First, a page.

In an interview with NBC that ran Monday morning, Ivanka Trump was asked a simple question: "Do you believe your father's accusers?"
This is how she answered: "I think it's a pretty inappropriate question to ask a daughter if she believes the accusers of her father when he's affirmatively stated there's no truth to it."
That's a totally fine answer for a daughter to give! Makes perfect sense! Except ...
Ivanka Trump isn't just a daughter. She's also a White House senior adviser. She has an office in the building. She is seen as one of a very small group of voices the President listens to.
Any other adviser at such a senior level and with such perceived influence over the President would be expected to face just these sorts of questions. After all, Trump stands accused by more than a dozen women of sexual harassment and assault over the course of decades. There is also the question of a $130,000 payment by Trump's personal attorney, Michael Cohen, to a porn star named Stormy Daniels who alleged that she had an affair with Trump in the mid-2000s.
Given the #metoo movement, the number of high-profile men who have either admitted to or faced serious accusations about sexual assault or misconduct and the accusations Trump himself faces, it's entirely reasonable to ask a senior aide to the President about it all.
And, in her I'm-my-father's-daughter answer, Ivanka is trying to have it both ways.
On the one hand, she wants to be the face of the US delegation at the closing ceremonies of the Winter Olympics in PyeongChang, South Korea. And a regular participant in all manner of White House policy initiatives and pushes. That's the sort of stuff that major players in a White House get to do.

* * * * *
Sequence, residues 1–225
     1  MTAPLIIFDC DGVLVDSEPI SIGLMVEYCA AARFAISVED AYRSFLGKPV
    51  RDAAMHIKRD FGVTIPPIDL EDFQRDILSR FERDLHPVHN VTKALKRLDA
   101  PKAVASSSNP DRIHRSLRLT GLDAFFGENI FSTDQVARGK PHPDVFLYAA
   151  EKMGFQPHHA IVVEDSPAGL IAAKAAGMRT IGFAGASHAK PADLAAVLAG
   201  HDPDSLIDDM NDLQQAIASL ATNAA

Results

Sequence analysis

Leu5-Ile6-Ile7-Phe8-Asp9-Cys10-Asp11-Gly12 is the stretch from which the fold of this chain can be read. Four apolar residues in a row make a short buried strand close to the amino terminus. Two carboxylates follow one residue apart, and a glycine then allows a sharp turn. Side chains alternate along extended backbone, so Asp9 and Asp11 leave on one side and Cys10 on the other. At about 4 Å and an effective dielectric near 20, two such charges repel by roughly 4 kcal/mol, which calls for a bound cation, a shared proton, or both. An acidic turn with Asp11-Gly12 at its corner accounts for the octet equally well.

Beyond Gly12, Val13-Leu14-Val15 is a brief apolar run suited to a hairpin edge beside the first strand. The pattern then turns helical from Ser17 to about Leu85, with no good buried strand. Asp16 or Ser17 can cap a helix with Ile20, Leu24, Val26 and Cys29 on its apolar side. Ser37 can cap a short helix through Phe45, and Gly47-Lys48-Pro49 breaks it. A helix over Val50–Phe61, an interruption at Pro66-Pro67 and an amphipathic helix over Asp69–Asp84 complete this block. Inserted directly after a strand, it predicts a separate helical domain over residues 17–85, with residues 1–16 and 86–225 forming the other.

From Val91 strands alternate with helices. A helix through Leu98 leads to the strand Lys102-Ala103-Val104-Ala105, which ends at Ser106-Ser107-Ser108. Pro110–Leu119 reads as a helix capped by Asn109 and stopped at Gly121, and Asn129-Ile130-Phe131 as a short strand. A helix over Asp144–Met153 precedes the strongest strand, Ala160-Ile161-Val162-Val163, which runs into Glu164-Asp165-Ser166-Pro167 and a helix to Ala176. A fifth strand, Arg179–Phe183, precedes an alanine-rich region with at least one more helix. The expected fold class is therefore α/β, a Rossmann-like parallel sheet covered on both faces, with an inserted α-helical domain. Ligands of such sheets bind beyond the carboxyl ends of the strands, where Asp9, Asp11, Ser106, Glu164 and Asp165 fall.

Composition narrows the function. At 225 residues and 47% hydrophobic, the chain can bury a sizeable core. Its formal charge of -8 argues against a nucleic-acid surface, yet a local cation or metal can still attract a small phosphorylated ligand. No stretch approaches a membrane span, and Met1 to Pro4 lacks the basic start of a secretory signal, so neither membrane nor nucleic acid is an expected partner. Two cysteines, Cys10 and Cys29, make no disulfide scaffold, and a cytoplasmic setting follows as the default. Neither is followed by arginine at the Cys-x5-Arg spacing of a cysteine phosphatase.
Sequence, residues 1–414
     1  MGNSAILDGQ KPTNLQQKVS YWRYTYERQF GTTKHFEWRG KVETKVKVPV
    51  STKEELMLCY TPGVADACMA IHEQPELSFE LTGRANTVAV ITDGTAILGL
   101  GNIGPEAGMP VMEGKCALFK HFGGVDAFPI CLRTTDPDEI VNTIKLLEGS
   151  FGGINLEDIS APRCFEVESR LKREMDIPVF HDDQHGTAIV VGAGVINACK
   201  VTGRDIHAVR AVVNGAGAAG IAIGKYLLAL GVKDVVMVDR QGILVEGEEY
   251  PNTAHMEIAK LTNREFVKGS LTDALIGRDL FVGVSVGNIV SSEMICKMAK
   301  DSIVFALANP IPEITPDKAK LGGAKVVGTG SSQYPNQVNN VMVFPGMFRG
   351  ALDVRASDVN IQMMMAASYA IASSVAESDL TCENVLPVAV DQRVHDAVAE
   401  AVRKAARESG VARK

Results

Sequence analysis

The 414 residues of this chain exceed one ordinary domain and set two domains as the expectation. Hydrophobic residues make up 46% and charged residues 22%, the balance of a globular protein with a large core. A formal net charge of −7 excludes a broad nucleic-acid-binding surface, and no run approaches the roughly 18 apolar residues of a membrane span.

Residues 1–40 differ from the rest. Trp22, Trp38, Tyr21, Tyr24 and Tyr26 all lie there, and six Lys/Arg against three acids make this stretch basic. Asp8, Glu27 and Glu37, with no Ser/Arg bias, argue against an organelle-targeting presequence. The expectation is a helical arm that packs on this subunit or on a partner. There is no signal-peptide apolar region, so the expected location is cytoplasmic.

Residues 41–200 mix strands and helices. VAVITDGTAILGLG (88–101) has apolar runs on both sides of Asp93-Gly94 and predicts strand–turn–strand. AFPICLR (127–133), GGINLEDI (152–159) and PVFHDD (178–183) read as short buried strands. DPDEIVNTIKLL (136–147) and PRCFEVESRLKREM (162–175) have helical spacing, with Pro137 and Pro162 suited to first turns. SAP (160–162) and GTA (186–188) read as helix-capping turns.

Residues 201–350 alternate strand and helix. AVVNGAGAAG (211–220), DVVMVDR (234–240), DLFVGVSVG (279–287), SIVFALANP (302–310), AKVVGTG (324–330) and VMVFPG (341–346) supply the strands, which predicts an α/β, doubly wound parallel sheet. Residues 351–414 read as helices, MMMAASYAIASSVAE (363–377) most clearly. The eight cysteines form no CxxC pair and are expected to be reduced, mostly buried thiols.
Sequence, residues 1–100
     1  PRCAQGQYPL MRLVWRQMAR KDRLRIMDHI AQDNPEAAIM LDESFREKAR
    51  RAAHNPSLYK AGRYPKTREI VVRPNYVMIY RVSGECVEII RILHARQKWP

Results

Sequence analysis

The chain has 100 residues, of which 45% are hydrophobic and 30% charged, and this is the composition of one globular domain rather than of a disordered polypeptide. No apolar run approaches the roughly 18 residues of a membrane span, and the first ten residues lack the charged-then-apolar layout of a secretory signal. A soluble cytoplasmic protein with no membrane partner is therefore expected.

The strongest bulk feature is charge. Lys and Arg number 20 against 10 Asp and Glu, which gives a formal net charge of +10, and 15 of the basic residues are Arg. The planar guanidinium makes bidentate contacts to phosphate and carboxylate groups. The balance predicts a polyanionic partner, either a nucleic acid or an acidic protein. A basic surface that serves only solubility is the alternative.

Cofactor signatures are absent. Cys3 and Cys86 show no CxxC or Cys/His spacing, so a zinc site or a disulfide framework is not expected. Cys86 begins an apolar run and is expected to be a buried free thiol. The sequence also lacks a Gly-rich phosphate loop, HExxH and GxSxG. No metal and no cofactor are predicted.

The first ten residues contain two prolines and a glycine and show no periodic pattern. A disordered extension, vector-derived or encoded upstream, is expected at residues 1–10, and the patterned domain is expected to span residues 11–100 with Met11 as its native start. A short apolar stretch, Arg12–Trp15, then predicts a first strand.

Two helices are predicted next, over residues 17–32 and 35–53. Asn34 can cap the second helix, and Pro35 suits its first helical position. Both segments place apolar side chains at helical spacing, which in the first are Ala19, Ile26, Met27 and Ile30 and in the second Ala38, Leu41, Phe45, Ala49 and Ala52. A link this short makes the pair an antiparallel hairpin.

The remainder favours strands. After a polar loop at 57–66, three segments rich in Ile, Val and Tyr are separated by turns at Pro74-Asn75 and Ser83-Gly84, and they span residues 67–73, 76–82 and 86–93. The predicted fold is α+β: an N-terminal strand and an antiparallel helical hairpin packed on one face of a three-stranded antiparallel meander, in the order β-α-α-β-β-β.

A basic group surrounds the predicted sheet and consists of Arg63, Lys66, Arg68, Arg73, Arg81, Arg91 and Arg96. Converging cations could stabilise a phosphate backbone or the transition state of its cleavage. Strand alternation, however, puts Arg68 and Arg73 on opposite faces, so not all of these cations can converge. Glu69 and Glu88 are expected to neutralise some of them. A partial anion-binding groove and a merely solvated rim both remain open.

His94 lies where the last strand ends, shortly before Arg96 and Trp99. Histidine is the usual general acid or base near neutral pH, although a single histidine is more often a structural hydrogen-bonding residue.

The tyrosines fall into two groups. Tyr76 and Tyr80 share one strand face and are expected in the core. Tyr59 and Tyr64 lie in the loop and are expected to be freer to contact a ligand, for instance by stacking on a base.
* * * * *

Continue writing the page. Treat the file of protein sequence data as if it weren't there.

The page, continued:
On the other, she wants to be just Donald Trump's daughter. So, it's "inappropriate" to ask a daughter questions about her father's behavior.
Which, of course, is not how any of this works.
The inability of anyone to play the dual role of official adviser and blood relation is why, in the late 1960s, Congress passed an anti-nepotism law in the wake of John Kennedy's appointment of his brother, Bobby, as attorney general.
"A public official may not appoint, employ, promote, advance, or advocate for appointment, employment, promotion, or advancement, in or to a civilian position in the agency in which he is serving or over which he exercises jurisdiction or control any individual who is a relative of the public official."
How did Trump get around this statute to hire not just his daughter, Ivanka, but her husband Jared Kushner? Because "agency" in the law above is interpreted to not include the White House. So, Trump couldn't make Ivanka the Treasury Secretary. But, according to the current interpretation of the law, he is fine with having her in a senior role within the White House.
Which, OK (I guess?), legally speaking.
But, as a practical matter, it simply doesn't work -- as this latest Ivanka response to NBC's question makes clear. You can't be both a daughter and a senior presidential adviser. The rules of engagement -- and response -- that cover one simply don't apply to the other.
This isn't a Republican or Trump problem alone. Bill Clinton's decision to put Hillary Clinton in charge of a task force charged with overhauling the nation's health care system created many of the same concerns.
Past history on this is instructive. Unless Congress updates the anti-nepotism language to clear up the legal questions as to whether it applies to the White House, we will have this Ivanka Trump situation again sometime -- and it won't end any differently (or better).